Mental health conversations and connections across generations: the role of technology

Mountain Region




Primary Topic:

Health and Well-Being

Other Topics:

Youth and Family Development

Lead Mentor:  

Jennifer Aengst

Regional Health Specialist, Mountain region

Internship Overview:

Mental health has been identified as a key issue across Colorado, yet many programs tend to focus on access to services. For rural communities, technology barriers and stigma are two obstacles to open communication about mental health. This is even more pronounced among the senior population, who grew up in an era when mental health struggles were not discussed. In addition, seniors tend to have less technological competence, making it harder for them to access reliable information about mental health. While the younger generation tends to be more open about their mental health struggles, there remains a generational gap between seniors and youth around mental health and the role of technology. Yet, younger and older generations have successfully assisted each other in navigating health and wellness education information using technology (Portz, Fruhauf, et al, 2019). This internship is an opportunity to create an innovative intergenerational program that will increase mental health awareness, lessen stigma, build technological competence, and create connections across generations.

Mountain counties, such as Gilpin and Chaffee, have a high population of seniors, many of whom are in caregiving roles with their grandchildren. This internship will entail a) researching and evaluating existing intergenerational mental health programs; b) gathering community feedback in Gilpin and Chaffee on mental health perceptions among seniors and youth through interviews and c) developing a draft curriculum that will be used for a pilot program in fall 2023.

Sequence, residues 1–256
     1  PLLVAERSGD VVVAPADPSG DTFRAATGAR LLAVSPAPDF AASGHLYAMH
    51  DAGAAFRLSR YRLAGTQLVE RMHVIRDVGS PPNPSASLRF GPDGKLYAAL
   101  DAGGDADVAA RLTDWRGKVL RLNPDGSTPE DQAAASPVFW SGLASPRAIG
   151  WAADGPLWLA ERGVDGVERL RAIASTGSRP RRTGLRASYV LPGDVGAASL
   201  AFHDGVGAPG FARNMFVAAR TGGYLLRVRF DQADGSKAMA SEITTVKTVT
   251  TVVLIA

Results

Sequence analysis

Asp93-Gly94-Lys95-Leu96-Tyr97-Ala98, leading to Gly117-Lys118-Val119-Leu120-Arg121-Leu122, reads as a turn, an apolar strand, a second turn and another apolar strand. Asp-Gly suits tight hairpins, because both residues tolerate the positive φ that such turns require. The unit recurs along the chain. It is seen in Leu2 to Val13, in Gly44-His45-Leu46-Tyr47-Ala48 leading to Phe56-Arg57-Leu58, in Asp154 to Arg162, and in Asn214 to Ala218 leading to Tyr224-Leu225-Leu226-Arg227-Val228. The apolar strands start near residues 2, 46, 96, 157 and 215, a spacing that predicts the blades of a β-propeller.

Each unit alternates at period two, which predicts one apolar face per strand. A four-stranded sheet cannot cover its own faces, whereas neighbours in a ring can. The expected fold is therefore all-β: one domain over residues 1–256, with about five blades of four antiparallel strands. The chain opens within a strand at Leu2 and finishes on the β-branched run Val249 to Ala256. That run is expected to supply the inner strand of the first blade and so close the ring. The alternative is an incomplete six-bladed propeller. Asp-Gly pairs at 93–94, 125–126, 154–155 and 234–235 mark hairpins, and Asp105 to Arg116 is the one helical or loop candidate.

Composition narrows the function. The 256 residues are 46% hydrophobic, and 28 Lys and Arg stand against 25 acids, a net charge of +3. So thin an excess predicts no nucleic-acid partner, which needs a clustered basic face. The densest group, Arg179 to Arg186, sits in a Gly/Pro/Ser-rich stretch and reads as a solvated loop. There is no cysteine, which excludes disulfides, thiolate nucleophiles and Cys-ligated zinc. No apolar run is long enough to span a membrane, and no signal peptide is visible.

The intern will help create an intergenerational mental health program using technology, that will build community connection between youth and seniors. After the COVID-19 pandemic, it is critical to support programs that build community connectedness and lessen social isolation, which will contribute to the overall well-being of older adults and youth.

Goals, Scope and Objectives:

The goal of this internship is to provide a student the unique opportunity to create an innovative mental health program. A central objective of this internship is to gain practical experience conducting applied research, which will prepare them for a future working on both health issues and community engagement with diverse age groups. An additional objective is for them to gain experience collaborating with community partners through extension. They will increase their knowledge of intergenerational programming, aging, and mental health issues. Furthermore, they will build their research skills through evaluating programs and conducting interviews.

The intern will work remotely with Jennifer Aengst and in-person with community members in both Chaffee and Gilpin counties. Over the course of 10 weeks, the intern will:

1) Evaluate existing intergenerational programs addressing mental health. After reviewing evidence-based programs, they will make recommendations on what elements to include in this new program.
2) Document the views of seniors and youth via interviews on perceptions about mental health. This will help inform the program design of the intergenerational program.
3) Identify tools using technology to improve communication between seniors and youth on mental health issues.
4) Help develop a draft curriculum of an intergenerational mental health program.

With which stakeholder group(s) will the intern work?

Extension agents in Chaffee and Gilpin counties; county commissioners; mental health organizations (Resilience 1220; Ark Valley Helping Hands); and senior centers.

What student learning outcomes do you anticipate and what are the opportunities for professional development?

The intern will: a) learn how to evaluate different models of intergenerational health programs; b) gain experience conducting interviews with seniors and youth in the community about perceptions of mental health; c) develop data collection tools; and d) become more proficient in building their communication skills through applied fieldwork. At the conclusion of the summer, the intern will have gained research and communication skills that are relevant for future work in community development and health, serving both youth and older adults.
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